Questions to Ask and Not Ask in Your Job Interview

Posted by in Career Advice

You’re applying for that plum admin job and the interview is going well.  You’re well prepared and you’ve answered all the questions with alacrity and skill.  Now comes the sticky part: The hiring manager turns the tables and asks you, “Do you have any questions you’d like to ask?”

This is not as easy as it sounds. The interviewer will be evaluating your questions as much as he or she weighed your answers at the start of the interview. So be prepared to ask some intelligent questions.  

First off, not asking questions is not a good idea. It shows a lack of interest in the company and the position. It also gives your competition (the hordes of candidates seeking the same plum job) a leg up, since you can bet many will have come prepared to ask all sorts of questions.

So what’s an intelligent question?  Some suggestions:

  • I read about your company’s growth plans, but I’d like your take on what part of the company will grow the most in the next five years?
  • I understand your division will be coming out with a new product (or service). Can you tell me how your division will be handling that?
  • What happened to the previous individual who held the position I’m applying for?
  • What were the strengths and weaknesses of that person?
  • What types of skill sets are you currently lacking in this department?
  • What are the career paths for this position?
  • How often have people been promoted from this position?
  • How will I be evaluated in this position?
  • What are the most important aspects of this job?
  • What are the most pressing challenges facing individuals hired for this position?
  • What are the next steps in the interview process?

Questions to stay away from include:

  • Tell me about your company’s benefits. This is not the time to ask about dental or vision plans, maternity leave, bonuses or sick leave, or if you can telecommute to save gas. 
  • Will I have to pass a drug test?  Let the interviewer bring this up. If you bring it up, it will make you sound like “employee ganga.”
  • Will I qualify for a discount on your product or service? This is a “what’s in it for me” question that makes you sound selfish. 
  • Do you check references? Assume they’ll contact every one of the references you listed. And some you didn’t. So be prepared. 
  • How long are lunch breaks? You’ll get one. The law says so. So leave it at that. 
  • So did I get the job? As casting directors tell their tryouts, “We’ll call you.”  

Remember, you’re being judged just as much by your questions at the end of the interview as by your initial response to the interviewer’s questions. So be cool and practice your questions in mock interviews with colleagues and people you trust.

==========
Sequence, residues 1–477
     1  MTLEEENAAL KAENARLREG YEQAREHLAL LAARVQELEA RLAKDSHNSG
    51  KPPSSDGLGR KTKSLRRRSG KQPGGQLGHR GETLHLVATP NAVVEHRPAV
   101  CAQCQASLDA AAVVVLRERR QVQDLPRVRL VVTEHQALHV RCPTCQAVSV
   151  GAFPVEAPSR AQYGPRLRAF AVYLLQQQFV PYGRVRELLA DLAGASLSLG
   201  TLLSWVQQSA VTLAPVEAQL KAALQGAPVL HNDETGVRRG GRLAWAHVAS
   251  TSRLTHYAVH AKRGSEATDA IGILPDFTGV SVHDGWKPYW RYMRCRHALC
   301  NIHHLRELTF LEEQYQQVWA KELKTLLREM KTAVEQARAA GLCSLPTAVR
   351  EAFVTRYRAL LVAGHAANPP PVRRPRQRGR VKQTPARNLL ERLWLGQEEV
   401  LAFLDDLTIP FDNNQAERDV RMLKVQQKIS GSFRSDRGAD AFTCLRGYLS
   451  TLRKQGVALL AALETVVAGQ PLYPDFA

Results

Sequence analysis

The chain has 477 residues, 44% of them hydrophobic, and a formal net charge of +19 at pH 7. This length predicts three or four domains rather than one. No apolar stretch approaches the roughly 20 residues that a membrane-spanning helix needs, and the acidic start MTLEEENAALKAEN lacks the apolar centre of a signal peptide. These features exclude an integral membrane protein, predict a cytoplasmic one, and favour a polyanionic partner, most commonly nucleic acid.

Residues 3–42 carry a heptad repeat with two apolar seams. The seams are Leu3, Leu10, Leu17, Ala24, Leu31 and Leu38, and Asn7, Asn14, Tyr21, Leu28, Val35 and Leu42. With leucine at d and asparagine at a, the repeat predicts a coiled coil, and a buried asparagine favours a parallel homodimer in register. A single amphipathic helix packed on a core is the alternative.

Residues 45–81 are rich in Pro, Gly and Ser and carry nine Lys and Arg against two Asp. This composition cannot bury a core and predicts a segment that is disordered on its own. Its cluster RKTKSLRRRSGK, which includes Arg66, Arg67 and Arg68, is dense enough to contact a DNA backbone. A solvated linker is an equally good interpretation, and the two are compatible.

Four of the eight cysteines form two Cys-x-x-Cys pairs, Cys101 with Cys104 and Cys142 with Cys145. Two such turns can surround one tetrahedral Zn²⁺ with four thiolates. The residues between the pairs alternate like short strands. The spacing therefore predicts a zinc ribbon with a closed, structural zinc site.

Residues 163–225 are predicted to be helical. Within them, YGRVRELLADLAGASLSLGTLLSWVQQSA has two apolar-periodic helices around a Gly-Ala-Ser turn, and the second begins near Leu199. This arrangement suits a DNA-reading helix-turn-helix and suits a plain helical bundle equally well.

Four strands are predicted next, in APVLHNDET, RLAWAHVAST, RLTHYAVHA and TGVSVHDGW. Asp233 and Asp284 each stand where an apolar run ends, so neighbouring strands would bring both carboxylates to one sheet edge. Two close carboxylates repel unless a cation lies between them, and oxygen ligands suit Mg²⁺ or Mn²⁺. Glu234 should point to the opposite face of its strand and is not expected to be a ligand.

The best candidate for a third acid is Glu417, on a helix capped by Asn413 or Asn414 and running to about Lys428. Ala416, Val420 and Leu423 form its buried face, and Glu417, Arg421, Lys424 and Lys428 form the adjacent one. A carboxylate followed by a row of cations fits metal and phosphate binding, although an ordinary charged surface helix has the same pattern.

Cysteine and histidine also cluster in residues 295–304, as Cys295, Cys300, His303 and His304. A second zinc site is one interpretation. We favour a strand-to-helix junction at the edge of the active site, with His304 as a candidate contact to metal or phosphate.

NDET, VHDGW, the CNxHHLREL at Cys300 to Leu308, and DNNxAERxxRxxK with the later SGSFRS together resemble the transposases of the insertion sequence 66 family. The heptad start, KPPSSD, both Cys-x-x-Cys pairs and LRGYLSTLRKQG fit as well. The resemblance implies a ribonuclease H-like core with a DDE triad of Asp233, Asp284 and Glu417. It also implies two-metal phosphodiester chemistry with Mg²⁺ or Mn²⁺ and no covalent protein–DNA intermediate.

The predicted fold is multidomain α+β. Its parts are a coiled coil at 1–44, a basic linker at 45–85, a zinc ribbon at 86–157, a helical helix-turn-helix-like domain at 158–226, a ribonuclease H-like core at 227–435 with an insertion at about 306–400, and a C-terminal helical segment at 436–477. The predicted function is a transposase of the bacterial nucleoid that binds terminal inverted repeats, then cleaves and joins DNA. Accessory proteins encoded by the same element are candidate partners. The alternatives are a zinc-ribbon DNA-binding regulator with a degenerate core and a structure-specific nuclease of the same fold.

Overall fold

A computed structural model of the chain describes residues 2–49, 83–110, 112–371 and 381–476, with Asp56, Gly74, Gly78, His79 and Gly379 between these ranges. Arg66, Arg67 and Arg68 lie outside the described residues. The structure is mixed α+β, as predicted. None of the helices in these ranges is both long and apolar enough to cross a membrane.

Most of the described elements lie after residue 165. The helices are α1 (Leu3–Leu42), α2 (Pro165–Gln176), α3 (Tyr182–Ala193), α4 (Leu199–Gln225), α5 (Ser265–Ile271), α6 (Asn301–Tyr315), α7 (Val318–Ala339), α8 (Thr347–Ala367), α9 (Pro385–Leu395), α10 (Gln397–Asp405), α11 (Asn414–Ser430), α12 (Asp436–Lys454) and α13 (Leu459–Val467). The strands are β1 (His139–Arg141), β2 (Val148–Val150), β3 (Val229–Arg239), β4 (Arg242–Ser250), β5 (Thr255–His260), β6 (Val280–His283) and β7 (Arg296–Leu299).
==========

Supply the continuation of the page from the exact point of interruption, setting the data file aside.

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  • Janie Burris
    Janie Burris

    I do not think you should ask about the past employee

  • Katherine Thalacker
    Katherine Thalacker

    Very nice!

  • Susan W.
    Susan W.

    I feel like asking questions pertaining to the "next" job before you have even been offered this job might be seen as overly zealous and perhaps they might think- well this person isn't even interested in this job. The other questions were great. Thanks very much.

    Great to have some help on this subject.  thank you
  • Rebecca Rodriguez
    Rebecca Rodriguez
    We'll what's sad is that jobs like to judge people past
  • Mashele T
    Mashele T
    This was a very helpful website.  Thank you!
  • Colleen P
    Colleen P
    OMG!  I cant believe anyone would ask those questions in an interviw.  Things have really changed.  I know these tips are very helpful.
  • Frank D
    Frank D
    This information was very helpful and will improve my next interview. I will be better perpared.
  • Gia M
    Gia M
    I have a telephone interview schedule for tomorrow and this information will be very helpful.  Keep up the good work.  
  • Peter B
    Peter B
    The first 2 "intelligent questions" make you a kiss-ass, not an ambitious candidate. I wouldn't go for the profile of the previous jobholder either. The career path, performance and evaluation questions look good though.
  • Donald B
    Donald B
    I found this to be somewhat helpful; however, I had the impression that the 3rd and 4th questions were too personal and should not be asked. All the other questions should generate some useful information.
  • Sophie W
    Sophie W
    I agree with Jo Ann, sometimes the Interviewer covered everything, even the  questions that you had in mind, so what are you supposed to ask?
  • Ana R
    Ana R
    Thank you, very interesting and I'm  going to practice it for my interview
  • Tarun N
    Tarun N
    I don't exactly agree with this article. A friend of mine had asked all the intelligent questions for which the employer did not have any answers... The employer thought that he would out DO him someday and accordingly rejected his candidature.
  • Theresa B
    Theresa B
    Some points were okay and i was not confident on everything.Some employers might be intimidated by some of these questions. It all depends on the person who interviews you.
  • Tarun N
    Tarun N
    I don't exactly agree with this article. A friend of mine had asked all the intelligent questions for which the employer did not have any answers... The employer thought that he would outDO him someday and accordingly rejected his candidature.
  • Jo Ann L
    Jo Ann L
    Sometimes it is so hard to know what to say when the Interviewer has covered just about everything of the company and the position.
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